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How large does an orbiting space ship have to be in order for it to be visible from earth? I'm assuming I could crunch out some numbers to determine this, but I can see the calculations getting quite complicated. I also understand that its visibility might be effected by day light, so if it can only be discernible at night that's ok.

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    $\begingroup$ Obviously the visibility (I assume with the naked eye?) depends on how much light it emits or reflects. Could you perhaps state how reflective it is (sometimes called albedo) or if there are any light sources? How far away is it supposed to be? Please also see en.wikipedia.org/wiki/Satellite_flare $\endgroup$ – Raditz_35 Aug 20 '18 at 3:13
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    $\begingroup$ What qualifies as "visible" here? A faint point of light? or does it have to be large enough in the sky to see its shape? $\endgroup$ – plasticinsect Aug 20 '18 at 5:01
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You can see hundreds of satellites with the naked eye.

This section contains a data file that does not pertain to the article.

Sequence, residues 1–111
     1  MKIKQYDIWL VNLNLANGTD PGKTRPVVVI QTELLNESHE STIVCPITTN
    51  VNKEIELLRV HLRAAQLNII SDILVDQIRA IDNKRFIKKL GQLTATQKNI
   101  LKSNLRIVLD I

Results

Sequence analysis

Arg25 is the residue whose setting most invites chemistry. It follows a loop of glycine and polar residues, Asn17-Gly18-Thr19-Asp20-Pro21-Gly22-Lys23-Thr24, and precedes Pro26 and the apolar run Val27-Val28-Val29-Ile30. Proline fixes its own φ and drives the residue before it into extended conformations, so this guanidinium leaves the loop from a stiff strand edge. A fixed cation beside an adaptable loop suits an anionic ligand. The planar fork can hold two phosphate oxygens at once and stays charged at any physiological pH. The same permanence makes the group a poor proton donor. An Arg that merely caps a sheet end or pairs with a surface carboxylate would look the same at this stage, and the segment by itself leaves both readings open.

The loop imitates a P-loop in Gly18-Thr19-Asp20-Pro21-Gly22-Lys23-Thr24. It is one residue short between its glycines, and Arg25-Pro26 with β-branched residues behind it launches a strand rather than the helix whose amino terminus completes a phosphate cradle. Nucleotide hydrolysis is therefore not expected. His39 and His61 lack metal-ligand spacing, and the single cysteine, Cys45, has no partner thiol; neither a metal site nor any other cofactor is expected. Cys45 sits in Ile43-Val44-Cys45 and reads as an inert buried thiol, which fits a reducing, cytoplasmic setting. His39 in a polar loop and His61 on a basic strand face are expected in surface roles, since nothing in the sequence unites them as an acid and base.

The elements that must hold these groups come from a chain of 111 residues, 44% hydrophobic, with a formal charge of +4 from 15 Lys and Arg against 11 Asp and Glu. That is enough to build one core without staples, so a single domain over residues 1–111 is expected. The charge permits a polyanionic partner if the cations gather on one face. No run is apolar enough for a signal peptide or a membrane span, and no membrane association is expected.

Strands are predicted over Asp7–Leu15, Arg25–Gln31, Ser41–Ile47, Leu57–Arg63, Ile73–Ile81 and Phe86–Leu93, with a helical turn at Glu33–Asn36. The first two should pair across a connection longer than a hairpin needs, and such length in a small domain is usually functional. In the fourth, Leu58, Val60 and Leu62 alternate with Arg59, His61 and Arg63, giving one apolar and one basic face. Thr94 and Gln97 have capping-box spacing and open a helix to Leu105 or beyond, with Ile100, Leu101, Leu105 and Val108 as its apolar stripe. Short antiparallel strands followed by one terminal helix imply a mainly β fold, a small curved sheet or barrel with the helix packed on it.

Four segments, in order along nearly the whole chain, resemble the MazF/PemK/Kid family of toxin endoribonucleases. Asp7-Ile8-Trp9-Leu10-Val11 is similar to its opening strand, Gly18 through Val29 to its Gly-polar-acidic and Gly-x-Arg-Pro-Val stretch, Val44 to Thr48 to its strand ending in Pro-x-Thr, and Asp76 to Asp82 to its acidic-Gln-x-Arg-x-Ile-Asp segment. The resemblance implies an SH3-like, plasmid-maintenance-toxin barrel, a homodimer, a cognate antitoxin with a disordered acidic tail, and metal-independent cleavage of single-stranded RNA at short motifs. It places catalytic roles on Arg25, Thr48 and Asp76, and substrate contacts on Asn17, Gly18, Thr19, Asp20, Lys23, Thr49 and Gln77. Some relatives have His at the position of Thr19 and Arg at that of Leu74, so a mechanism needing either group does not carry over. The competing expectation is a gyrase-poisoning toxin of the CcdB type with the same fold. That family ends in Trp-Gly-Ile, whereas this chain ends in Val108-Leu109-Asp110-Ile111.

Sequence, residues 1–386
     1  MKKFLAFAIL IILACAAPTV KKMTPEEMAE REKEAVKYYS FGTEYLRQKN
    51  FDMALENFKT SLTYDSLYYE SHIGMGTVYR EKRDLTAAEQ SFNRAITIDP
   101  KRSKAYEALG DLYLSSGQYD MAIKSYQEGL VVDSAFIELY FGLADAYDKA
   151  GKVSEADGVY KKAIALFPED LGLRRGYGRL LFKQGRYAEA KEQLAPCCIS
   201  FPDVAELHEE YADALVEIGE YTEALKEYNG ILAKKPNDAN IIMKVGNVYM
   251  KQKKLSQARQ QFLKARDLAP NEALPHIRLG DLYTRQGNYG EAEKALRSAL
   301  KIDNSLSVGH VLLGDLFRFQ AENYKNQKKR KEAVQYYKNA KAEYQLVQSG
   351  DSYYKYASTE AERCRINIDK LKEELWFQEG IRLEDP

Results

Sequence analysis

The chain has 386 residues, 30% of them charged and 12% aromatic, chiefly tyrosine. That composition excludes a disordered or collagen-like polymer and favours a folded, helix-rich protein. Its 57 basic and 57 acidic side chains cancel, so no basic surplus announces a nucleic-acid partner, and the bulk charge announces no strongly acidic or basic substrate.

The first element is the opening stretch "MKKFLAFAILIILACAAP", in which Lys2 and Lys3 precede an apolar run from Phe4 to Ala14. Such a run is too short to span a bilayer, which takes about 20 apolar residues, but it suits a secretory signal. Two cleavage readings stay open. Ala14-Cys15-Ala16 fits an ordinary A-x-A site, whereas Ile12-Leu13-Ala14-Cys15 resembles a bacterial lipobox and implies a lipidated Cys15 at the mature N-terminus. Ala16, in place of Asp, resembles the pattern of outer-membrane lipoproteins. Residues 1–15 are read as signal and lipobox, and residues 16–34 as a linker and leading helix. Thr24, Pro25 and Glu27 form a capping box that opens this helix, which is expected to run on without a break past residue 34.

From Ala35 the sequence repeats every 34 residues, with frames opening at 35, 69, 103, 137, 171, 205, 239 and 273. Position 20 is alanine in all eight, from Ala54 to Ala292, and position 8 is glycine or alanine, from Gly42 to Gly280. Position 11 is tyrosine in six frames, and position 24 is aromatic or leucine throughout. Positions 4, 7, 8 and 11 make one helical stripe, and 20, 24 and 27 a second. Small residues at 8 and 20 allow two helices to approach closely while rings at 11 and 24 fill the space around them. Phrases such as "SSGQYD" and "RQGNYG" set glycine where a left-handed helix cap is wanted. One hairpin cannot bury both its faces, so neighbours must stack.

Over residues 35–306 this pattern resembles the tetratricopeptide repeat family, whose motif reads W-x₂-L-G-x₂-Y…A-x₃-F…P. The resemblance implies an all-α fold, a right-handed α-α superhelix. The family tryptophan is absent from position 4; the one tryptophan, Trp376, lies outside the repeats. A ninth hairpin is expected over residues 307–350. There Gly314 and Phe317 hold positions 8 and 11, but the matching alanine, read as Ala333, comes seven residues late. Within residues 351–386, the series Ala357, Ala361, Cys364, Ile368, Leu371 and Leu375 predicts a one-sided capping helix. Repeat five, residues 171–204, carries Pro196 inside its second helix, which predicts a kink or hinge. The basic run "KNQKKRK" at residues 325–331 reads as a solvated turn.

Exact conditions for visibility will be dependent upon altitude, size, and reflectivity. As reported most of the visible ones are typically 20 feet or larger across.

With just the right angle, solar panels could be considerably smaller as they are very flat surfaces that reflect some light like a mirror.

Sputnik-1 was barely visible to the naked eye, magnitude 6. A sphere 23 inches in diameter and highly polished. This is about as small as possible, unless you consider something smaller that focuses the reflected sunlight to the observer (like a solar panel).

An active light emitter such as a small cluster of LED bulbs could be smaller yet and be visible as long as the total lumens would result in a 6th magnitude source.

Perhaps you actually intended to consider the resolving power of the human eye instead. What it the difference? Thousands of stars are visible, but only the sun has a visible diameter. I.e. of all the stars, only the sun can be resolved by the naked eye.

Generally, 20/20 vision is considered to have a resolution of about 1 arc-minute, which would require something about the size of the ISS (100 meters) when under optimal viewing conditions.

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Not. You can see the ISS with binoculars if the light is right.

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    $\begingroup$ You don't even need binoculars. I've seen it a couple of times, using only my eyes. If you are looking in the right direction at the right time, it looks like a bright star moving through the sky. It's quite easy to see. $\endgroup$ – plasticinsect Aug 20 '18 at 5:08
  • $\begingroup$ This has ended up in the low-quality queue, so there's a chance it will be removed. Try expanding it and adding some more details. $\endgroup$ – Philip Rowlands Aug 20 '18 at 7:59

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